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Maybe I'm closer to your situation...feel I can do what I do in half the time but the work ethic says I need to be at the desk 8 hrs.
You'll have to do some naval-gazing. In the end, the immense frustration combined with the damage the constant travel was doing to my family and I was enough to convince me to move on. I would have liked to have held on for a bigger pile, but I am now fairly happily semi-retired and would only go back if I were desperate.
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Old 01-04-2017, 08:07 PM   #13
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I can't decide if;
a) I'm reaching a new level of laziness not seen before, or
b). It's time to pull the plug on work.
I asked myself one question: Have you ever heard of anyone lying on their deathbed, saying 'I wish I'd spent more time at the office'?

I've also wondered if it's just laziness. But frankly, I've been busier since I retired than I ever was at work. Even so, looking back on my career and life, I think I've earned a little "down time."

If you love your job, keep doing it! If it's starting to get old, do something different.

I guess for me, it was knowing that I COULD retire that tipped the scales. I hung on for one extra year, just to build up a little buffer. But in the end I couldn't justify spending any more time doing the same old thing, knowing there was a viable option.

For most of my 36-year career, there had always been something new and exciting. The job changed almost every year. But toward the end, the new stuff didn't excite me. The more things change, the more they stay the same. It was time to go.

It's been six months. No regrets so far.
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Old 01-04-2017, 08:16 PM   #14
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Thanks for the great comments. I see myself in many of these as well. Primarily...not excited about the same old same old after 37 years and ready to do something different.
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Old 01-04-2017, 09:07 PM   #15
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Too many other things I wanted to do, but couldn't because of work time constraints.
+1 Work was unfulfilling, and I couldn't pursue things that would provide that fulfillment while I was sitting at a desk. So I spent a lot of time sitting at my desk reading this forum, then I was really prepared when I pulled the plug.
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Old 01-05-2017, 01:21 PM   #16
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I was going on 4 years after my wife died and the frequency of my weeping was getting less.
A lot the same for me. I retired about 4 years after DW's death. I had been on vacation for about a month then worked a couple of weeks on day shift. Then I switched to night shift and just couldn't function or stay awake. I figured I was just getting too old to do the shift work. I decided that it was time to go that night and gave my minimum 30 days notice in the morning. I was financially set, but waiting for DS to graduate from college. That was in 2013. Its a good thing I didn't wait for DS. He is still plugging away at the degree.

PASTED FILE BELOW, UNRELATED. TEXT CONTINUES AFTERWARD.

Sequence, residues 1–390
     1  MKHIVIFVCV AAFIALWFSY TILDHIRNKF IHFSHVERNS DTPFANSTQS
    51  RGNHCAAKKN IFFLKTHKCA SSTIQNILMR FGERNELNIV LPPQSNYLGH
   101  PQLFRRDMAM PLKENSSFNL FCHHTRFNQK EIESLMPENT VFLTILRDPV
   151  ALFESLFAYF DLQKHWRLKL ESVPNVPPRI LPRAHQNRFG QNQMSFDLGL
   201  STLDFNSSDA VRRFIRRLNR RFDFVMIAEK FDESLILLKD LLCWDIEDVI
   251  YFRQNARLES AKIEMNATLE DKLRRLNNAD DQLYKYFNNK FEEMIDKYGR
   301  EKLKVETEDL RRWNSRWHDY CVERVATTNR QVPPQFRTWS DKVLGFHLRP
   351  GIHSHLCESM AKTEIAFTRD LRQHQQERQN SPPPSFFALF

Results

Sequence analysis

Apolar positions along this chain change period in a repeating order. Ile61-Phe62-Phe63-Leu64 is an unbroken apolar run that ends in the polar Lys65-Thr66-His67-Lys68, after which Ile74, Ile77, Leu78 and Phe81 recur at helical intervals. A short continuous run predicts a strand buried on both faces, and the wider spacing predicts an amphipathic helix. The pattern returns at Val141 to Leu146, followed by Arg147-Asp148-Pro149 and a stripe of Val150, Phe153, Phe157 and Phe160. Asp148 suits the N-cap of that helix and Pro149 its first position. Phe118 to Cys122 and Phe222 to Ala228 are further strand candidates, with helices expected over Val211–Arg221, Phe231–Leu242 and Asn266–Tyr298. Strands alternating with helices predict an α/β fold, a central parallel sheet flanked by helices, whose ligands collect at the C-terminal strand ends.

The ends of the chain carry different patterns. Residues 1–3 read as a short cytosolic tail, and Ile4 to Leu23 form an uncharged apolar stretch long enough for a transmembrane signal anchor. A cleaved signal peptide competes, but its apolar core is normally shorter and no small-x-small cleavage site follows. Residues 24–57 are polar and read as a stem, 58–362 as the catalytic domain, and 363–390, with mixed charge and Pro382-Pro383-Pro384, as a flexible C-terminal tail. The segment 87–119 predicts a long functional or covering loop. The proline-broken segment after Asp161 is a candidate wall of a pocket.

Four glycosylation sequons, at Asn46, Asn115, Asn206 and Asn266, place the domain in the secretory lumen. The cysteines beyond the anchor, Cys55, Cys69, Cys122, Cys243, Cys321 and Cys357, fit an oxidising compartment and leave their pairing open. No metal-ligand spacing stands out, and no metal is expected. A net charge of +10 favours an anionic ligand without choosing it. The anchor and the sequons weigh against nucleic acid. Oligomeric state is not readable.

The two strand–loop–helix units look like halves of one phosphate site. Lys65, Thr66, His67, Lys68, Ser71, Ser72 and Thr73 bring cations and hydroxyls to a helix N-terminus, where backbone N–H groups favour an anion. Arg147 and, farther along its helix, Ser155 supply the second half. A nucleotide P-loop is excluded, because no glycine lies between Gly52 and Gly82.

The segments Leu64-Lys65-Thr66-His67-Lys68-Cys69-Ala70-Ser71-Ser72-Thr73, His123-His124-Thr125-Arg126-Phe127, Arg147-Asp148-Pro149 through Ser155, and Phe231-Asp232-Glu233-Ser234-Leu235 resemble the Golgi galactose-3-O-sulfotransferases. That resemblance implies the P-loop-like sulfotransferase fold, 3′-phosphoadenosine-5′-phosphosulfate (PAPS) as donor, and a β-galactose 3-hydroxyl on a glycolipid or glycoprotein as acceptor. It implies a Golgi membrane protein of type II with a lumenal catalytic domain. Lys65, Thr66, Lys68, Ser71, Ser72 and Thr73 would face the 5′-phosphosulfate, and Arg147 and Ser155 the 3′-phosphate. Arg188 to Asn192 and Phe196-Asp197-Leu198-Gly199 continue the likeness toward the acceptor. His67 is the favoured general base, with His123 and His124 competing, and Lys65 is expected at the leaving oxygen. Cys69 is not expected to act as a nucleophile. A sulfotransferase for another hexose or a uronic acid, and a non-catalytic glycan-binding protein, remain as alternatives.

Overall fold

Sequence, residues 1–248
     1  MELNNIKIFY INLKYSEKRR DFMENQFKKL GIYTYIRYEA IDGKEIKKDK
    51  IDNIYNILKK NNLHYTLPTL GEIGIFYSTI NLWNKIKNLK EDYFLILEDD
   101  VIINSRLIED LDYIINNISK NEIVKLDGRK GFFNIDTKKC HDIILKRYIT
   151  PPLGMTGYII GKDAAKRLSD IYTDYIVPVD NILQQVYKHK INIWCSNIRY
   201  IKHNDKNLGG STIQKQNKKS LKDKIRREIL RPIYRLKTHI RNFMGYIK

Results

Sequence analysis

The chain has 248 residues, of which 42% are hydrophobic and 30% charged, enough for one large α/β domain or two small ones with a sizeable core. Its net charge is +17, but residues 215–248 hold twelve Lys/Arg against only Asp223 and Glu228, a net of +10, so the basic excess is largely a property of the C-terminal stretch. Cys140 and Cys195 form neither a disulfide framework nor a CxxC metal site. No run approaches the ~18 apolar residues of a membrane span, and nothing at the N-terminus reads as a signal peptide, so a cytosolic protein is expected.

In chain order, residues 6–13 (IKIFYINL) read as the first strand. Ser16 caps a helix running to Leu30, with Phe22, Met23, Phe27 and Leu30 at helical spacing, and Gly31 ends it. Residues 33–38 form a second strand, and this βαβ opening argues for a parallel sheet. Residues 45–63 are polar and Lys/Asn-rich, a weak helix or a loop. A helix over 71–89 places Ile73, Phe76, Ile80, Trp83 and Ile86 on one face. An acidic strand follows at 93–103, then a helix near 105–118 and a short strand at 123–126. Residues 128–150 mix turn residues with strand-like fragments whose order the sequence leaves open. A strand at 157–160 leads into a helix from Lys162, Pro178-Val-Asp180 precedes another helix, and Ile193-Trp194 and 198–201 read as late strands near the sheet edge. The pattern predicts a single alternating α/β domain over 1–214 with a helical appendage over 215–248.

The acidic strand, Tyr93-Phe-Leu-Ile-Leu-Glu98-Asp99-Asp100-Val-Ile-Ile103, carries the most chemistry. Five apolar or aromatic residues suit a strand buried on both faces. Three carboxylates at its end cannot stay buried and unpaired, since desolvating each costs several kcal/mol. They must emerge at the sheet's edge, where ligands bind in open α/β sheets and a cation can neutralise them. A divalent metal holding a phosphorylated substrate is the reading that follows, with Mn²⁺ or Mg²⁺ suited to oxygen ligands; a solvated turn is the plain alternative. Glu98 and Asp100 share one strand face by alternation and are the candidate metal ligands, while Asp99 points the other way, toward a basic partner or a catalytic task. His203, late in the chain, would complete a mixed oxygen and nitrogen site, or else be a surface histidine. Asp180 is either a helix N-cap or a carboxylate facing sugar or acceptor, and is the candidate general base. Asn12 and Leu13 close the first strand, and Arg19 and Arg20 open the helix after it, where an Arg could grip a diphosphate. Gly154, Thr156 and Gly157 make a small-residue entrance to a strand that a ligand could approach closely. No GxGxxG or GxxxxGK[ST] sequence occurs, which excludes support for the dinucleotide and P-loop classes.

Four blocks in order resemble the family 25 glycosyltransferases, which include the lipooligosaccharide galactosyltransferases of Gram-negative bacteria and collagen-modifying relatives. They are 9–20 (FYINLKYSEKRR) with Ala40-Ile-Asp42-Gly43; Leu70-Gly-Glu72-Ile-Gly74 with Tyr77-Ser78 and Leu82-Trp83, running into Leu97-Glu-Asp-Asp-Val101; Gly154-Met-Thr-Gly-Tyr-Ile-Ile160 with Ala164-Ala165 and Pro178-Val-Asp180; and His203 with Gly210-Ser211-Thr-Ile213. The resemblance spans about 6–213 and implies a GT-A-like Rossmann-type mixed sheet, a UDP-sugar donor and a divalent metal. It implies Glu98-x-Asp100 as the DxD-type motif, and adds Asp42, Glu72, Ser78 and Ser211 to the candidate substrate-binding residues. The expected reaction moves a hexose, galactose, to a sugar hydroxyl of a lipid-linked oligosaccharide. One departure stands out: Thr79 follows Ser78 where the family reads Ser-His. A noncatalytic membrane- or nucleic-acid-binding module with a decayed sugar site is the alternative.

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Old 01-05-2017, 01:31 PM   #17
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Yeah, work helped me to not grieve so bad as I had something else to think about, so it was useful to that end. Then Pops died and I really wanted to "start my new life" as everyone in my old life was dead.
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Old 01-05-2017, 01:38 PM   #18
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Yeah, work helped me to not grieve so bad as I had something else to think about, so it was useful to that end. Then Pops died and I really wanted to "start my new life" as everyone in my old life was dead.
Congratulations on doing a good job on the new life. I'm still in more of a holding pattern with respect to relationships. Building a house by yourself and relationships just wouldn't mix...
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Old 01-05-2017, 01:41 PM   #19
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Signals? I thought the OP was talking about stock buying/selling signals.

Watch this forum, and one can get some good signals. When people are in an exuberant mode, or when there's a lot of teeth grinding and gnashing, you know what to do.
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Old 01-05-2017, 01:48 PM   #20
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OK, for those of you very close or just into retirement. What were your mental signals (beyond financial) it was time to retire.

....
That name and an Arkansas location! (TN resident here.)

For us, we are tired of not seeing each other, not being able to take long vacations, and not having weekends and many holidays off. (Cutting back hours isn't an option and the two jobs don't mix well with each other for planning...) DW also has started to feel the all-nighters more now that she is in her 50s; when they hit, the next day can be grueling.

Two years ago it became apparent that we were closing in on "enough" and we gave notice. Counting down now...